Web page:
In recent years, Russia has become such a corrupt environment that some government entities have taken on roles traditionally played by organized crime. At the same time, Russia remains a profitable market for multinationals, especially in the consumer and energy sectors. Multinationals operating in this environment face serious anti-corruption compliance concerns.

Russia has a new law on corruption, Article 13.3 of a broader 2008 Law on Combatting Corruption. Article 13.3 was introduced in 2013 as part of the country’s bid to join the Organisation for Economic Co-operation and Development (OECD). It requires all legal entities to develop and implement measures to prevent corruption. Other reforms were introduced as well, such as establishment of a business ombudsman who can hear complaints from the business community and act on them. The Russian anti-corruption law is now quite good on paper, and reasonable in terms of taking into account the size of the company putting in place a compliance program. However, the laws and policies are not implemented evenly and are mostly “window dressing” that the Kremlin has put in place to mollify entrepreneurs who are adversely affected by the corrupt environment. Yet, in a restrictive environment like Russia’s, the very fact that the Kremlin is talking about corruption as a problem opens up space for non-governmental organizations (NGOs) and businesses to act when it comes to anti-corruption.

In 2014, CIPE analyzed how 15 regional chambers of commerce could provide compliance consultancy services to local companies. CIPE’s approach in Russia was to train compliance consultants who would then work in the chambers of commerce and provide low-cost advice. The chambers are now actively working in this area, providing services such as hotline hosting, model policies and procedures, and compliance education and training. There is demand from member businesses because prosecutors are starting to enforce the anti-corruption law, even if the enforcement is sometimes selective and politically motivated.

Early in the program, CIPE engaged with multinationals such as ABB, Johnson & Johnson, and Pfizer, several larger Russian companies, and international law firm Baker & McKenzie for advice on local needs and best approaches to helping local companies with their compliance challenges. Working with these organizations, CIPE formed an advisory group for Russia, and this signaled to local firms participating in the CIPE program that if they wanted to do business with multinationals, they had to pay attention to compliance.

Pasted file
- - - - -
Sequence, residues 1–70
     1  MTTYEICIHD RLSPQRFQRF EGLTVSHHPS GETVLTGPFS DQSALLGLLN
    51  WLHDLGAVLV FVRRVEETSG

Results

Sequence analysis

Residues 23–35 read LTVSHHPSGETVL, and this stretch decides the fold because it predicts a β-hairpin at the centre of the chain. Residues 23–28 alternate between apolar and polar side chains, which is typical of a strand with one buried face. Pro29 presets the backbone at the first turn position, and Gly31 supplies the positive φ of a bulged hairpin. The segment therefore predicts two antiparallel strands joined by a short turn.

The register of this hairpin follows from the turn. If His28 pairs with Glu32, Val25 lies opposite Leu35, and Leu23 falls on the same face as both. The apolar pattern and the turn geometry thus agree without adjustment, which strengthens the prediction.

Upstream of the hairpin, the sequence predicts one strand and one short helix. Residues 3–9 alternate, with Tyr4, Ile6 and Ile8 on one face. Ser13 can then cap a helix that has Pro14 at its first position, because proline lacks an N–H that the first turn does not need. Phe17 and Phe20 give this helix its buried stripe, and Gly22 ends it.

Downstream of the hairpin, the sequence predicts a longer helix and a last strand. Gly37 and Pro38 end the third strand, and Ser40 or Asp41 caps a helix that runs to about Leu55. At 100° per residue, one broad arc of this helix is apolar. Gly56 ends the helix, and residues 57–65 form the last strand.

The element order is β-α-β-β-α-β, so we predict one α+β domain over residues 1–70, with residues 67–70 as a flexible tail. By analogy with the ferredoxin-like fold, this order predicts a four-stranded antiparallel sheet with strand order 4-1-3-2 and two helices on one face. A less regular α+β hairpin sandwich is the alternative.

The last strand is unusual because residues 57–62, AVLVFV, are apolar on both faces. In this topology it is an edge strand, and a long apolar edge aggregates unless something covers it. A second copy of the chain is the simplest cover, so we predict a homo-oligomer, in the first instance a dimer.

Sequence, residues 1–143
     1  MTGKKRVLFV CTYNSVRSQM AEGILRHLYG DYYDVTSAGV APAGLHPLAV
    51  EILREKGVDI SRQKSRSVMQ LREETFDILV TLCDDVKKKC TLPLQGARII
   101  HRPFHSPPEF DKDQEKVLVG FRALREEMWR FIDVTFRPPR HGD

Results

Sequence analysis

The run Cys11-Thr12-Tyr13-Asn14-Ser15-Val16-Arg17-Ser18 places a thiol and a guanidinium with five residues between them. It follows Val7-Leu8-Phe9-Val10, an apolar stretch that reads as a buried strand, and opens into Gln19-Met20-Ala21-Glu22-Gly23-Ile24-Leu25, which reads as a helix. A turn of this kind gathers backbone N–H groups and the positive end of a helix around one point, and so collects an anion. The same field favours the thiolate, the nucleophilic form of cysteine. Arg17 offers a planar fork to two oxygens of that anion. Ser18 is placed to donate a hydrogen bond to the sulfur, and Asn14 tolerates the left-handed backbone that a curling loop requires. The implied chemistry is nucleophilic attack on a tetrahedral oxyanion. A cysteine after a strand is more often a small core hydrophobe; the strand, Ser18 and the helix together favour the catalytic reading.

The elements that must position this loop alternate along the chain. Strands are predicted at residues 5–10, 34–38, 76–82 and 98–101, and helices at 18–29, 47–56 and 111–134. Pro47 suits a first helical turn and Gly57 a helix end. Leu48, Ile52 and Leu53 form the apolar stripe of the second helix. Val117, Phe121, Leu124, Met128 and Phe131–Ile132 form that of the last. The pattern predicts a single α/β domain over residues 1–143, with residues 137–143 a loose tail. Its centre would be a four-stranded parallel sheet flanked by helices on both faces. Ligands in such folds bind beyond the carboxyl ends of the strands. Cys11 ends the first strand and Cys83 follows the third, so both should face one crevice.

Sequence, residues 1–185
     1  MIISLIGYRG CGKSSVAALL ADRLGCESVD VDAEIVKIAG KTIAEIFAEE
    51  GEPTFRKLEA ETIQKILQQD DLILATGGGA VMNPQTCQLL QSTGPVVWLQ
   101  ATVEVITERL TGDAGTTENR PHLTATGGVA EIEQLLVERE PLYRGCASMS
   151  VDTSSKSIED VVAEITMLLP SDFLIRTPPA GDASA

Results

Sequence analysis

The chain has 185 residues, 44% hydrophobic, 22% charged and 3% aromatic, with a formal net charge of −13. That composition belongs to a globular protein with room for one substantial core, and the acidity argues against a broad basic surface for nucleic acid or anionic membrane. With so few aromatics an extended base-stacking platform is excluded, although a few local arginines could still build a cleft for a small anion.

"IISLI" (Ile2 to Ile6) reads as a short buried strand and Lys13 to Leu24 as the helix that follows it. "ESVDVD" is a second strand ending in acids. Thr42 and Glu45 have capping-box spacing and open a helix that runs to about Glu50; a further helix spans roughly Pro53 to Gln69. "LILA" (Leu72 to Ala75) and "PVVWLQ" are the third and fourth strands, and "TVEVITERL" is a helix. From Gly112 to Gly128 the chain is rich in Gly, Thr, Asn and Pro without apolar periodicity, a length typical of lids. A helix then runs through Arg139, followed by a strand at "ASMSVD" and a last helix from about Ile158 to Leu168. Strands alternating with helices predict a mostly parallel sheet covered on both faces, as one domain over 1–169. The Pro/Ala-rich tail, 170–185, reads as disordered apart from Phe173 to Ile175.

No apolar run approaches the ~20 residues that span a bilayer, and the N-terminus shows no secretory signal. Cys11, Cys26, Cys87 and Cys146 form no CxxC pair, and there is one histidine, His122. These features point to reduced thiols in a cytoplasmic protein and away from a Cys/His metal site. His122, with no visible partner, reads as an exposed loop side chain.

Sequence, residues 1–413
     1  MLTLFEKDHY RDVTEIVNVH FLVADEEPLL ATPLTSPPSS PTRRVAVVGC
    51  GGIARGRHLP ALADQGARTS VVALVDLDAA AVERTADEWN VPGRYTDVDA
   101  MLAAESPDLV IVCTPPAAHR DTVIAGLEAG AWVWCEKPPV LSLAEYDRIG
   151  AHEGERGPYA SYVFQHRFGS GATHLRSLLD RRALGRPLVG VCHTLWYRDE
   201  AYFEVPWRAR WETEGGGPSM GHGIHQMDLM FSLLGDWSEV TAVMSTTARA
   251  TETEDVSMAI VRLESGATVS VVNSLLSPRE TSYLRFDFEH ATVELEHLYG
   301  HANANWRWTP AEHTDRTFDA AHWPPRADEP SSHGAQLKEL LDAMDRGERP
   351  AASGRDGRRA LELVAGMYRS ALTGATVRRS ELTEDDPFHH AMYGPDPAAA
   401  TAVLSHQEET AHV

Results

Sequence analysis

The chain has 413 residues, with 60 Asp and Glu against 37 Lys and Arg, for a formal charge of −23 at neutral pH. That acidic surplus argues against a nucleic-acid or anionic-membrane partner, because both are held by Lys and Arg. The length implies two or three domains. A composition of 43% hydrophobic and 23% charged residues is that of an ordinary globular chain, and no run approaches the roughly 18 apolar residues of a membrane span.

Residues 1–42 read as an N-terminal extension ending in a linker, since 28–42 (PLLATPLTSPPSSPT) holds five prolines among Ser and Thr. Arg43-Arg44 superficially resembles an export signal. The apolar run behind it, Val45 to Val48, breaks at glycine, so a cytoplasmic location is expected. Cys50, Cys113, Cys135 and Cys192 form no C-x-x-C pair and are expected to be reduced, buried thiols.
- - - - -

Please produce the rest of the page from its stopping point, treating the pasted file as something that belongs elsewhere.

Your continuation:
The case of Russia is an illustration of how CIPE must be flexible as the local context changes. CIPE recently left Russia and closed its office in Moscow because of the worsening political situation in the country. Encouragingly, though, the chambers of commerce are moving forward with the compliance efforts even without continued support from CIPE. Their motivation is two-fold: to fulfill the government’s mandate for anti-corruption compliance programs, and to make compliance a sustainable fee-based service for chamber members and other local companies.


The 2010 Kenyan Constitution included strong provisions for anti-corruption, and corruption remains a heated topic in domestic debates, which are widely covered in the media. For instance, a recent Auditor-General’s report included figures showing that a large portion of the national budget is unaccounted for, or not very well documented. Similar problems are happening at the regional level, since one of the provisions of the 2010 Constitution was devolution that gave more power to the country’s 47 counties. The counties receive some transfers from the national budget but they also need to raise revenue. This puts a lot of pressure on businesses because county government officials target the local business community in order to raise funds.

While the large number of incidences of corruption that come to light is certainly not a good thing, an open discussion of these cases demonstrates a recognition of corruption as an important issue. Debates on how to combat corruption also generate constructive ideas on what key stakeholders can do – the government and the private sector alike.

Progress is visible on the public sector side. President Barack Obama was in Kenya in July 2015 and signed a comprehensive agreement on fighting graft. The U.S. is sharing anti-corruption resources with Kenya, training government officials, and helping with investigations. Kenya also made commitments to join international initiatives such as the Extractive Industries Transparency Initiative (EITI).

The private sector is making strides as well, and that is where CIPE contributes. For many years now, CIPE has been working in Kenya with local business organizations to address business climate issues and the demand side of corruption. CIPE’s work helps identify and reform laws, rules, and regulations that may inhibit business and create perverse incentives for bribery. More recently, due to interest from CIPE’s local partner, Kenya Association of Manufacturers (KAM), CIPE is focusing on anti-corruption compliance.